Materials and methods

Tissue samples and cell culture

A total of 14 fresh samples of CRC and paired adjacent normal colorectal tissue were collected from the Operation Room of the First Affiliated Hospital of Chongqing Medical University (Chongqing, China; June, 2017 to December, 2017) (Table I). Subsequently, the RNA was immediately extracted, which would be detected via reverse transcription-quantitative polymerase chain reaction (RT-qPCR), according to subsequent protocols. However, another 53 paraffin sections of CRC and normal tissue, which were obtained from the Department of Pathology of the First Affiliated Hospital of Chongqing Medical University (June, 2018 to September, 2018), were used for detecting the levels of proteins, via the subsequent immunohistochemistry protocols (Table II). Therefore, there is no overlap between the two groups of patients. All patients provided informed consent, and the present study was approved by the Ethics Committee of the First Affiliated Hospital of Chongqing Medical University. CRC cell lines (SW480, Caco2, HCT116 and HT29) were purchased from the American Type Culture Collection (Manassas, VA, USA). Cells were cultured in RPMI-1640 (HyClone; GE Healthcare Life Sciences, Logan, UT, USA) supplemented with 10% fetal bovine serum (cat. no. FSP500; ExCell Biology Inc., Shanghai, China) for 3 days in 5% CO2 at 37°C. The Wnt/β-catenin pathway activator IM-12 (Selleck Chemicals, Houston, TX, USA) was added to culture medium (1 µg/ml). After 24 h post treatment at 37°C, the total cell lysates were collected and protein level detected by western blotting, according to the subsequent protocol.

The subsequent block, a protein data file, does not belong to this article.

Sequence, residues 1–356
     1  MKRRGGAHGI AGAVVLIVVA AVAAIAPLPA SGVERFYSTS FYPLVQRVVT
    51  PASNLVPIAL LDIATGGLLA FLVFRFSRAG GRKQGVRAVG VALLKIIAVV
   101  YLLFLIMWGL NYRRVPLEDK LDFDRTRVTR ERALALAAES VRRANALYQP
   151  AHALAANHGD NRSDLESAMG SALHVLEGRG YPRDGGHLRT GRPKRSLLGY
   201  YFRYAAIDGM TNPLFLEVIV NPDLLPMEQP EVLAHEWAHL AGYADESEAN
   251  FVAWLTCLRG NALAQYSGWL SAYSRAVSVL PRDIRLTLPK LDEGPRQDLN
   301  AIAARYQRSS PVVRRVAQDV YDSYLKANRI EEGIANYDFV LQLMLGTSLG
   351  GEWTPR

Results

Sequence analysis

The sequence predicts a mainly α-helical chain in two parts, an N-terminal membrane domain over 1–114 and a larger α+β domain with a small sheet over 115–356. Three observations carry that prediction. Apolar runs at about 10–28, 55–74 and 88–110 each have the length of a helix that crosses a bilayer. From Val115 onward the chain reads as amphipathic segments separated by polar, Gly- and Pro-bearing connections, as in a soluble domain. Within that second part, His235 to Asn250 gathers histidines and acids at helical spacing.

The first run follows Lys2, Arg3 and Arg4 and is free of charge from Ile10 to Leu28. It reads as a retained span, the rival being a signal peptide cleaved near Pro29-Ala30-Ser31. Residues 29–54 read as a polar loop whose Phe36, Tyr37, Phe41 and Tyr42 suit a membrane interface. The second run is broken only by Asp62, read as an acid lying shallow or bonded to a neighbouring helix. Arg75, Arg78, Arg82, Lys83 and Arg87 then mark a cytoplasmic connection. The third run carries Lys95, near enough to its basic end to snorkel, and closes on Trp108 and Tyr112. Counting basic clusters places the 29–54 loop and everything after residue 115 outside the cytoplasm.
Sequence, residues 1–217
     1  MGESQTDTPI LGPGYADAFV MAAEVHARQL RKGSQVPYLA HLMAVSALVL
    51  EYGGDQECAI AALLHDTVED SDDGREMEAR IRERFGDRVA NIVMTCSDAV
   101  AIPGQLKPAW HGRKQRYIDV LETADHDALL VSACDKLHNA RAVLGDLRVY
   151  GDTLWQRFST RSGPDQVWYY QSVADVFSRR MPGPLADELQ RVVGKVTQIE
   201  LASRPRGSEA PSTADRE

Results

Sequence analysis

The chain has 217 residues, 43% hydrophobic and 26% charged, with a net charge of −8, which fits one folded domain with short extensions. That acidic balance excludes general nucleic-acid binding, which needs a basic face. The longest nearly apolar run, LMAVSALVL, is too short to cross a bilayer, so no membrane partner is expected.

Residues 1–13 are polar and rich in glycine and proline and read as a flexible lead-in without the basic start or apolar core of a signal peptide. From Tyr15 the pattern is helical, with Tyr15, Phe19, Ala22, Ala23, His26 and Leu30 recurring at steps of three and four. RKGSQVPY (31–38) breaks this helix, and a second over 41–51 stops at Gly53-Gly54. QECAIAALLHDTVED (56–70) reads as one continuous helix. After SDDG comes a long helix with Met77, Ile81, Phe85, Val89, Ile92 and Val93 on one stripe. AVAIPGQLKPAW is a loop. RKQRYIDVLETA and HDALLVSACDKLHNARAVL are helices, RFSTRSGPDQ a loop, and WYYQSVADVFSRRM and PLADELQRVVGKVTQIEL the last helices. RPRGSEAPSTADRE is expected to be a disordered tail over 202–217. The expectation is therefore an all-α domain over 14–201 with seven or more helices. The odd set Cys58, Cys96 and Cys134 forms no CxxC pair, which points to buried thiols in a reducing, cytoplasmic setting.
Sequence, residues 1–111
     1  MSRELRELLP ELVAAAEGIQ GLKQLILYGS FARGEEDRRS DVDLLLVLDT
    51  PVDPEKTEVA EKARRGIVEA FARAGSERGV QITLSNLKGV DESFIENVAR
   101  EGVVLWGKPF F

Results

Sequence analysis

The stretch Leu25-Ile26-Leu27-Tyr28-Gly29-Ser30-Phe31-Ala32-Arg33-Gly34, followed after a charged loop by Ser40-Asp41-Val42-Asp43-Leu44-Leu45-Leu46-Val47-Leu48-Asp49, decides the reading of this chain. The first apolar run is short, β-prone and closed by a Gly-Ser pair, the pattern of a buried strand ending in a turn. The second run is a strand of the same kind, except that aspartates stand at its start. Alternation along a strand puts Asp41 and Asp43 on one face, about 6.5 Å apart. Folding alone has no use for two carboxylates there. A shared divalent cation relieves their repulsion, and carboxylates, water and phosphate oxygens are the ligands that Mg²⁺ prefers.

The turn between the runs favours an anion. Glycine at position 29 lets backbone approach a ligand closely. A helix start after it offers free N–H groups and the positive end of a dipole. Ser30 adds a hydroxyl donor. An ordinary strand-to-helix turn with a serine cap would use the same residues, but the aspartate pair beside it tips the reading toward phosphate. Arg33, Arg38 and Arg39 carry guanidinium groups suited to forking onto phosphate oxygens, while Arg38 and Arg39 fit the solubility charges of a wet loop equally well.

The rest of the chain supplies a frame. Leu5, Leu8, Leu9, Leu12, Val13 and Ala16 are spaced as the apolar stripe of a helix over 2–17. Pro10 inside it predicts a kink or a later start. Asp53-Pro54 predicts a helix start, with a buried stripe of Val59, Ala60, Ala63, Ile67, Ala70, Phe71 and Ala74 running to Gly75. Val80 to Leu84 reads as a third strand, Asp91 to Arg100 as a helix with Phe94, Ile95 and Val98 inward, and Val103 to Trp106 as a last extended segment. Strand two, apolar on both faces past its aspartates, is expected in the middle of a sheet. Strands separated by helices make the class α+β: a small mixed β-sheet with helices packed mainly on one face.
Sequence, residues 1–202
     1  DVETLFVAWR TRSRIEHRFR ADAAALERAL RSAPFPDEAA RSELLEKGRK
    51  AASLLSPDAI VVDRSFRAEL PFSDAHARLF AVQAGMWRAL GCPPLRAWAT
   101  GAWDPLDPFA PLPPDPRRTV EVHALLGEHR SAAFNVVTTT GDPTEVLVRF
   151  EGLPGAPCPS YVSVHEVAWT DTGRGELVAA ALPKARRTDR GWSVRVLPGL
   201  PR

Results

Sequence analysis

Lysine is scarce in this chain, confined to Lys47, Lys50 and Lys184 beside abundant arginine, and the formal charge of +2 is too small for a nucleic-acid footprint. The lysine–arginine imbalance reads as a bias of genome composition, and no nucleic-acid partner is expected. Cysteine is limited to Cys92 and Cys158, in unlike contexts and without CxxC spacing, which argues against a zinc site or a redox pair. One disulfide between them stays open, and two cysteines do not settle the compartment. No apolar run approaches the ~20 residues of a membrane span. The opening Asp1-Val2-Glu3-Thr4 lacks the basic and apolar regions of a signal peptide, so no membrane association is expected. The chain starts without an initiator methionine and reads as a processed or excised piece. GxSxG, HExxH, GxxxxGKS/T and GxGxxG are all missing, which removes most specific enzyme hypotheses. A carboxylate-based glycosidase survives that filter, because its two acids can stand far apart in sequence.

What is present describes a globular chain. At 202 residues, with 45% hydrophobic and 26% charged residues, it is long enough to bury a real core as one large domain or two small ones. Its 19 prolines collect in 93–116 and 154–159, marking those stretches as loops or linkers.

Table I.

Clinicopathological features of the study cohort used for quantitative PCR.

Table I.

Clinicopathological features of the study cohort used for quantitative PCR.

CharacteristicsNumber
Number of patients14
Age (mean ± SD), years61.36±10.60
Sex (male/female)8/6
Cancer types (colon cancer/rectal cancer)12/2
Lymph node metastasis (absent/present)9/5
Distant metastasis (absent/present)14/0
TNM stage (I/II/III/IV)a1/8/5/0

a Staging system from the American Joint Committee on Cancer. SD, standard deviation; TNM, tumor-node-metastasis.

Table II.

Clinicopathological features of the study cohort used for immunohistochemistry analysis.

Table II.

Clinicopathological features of the study cohort used for immunohistochemistry analysis.

CharacteristicsNumber
Number of patients53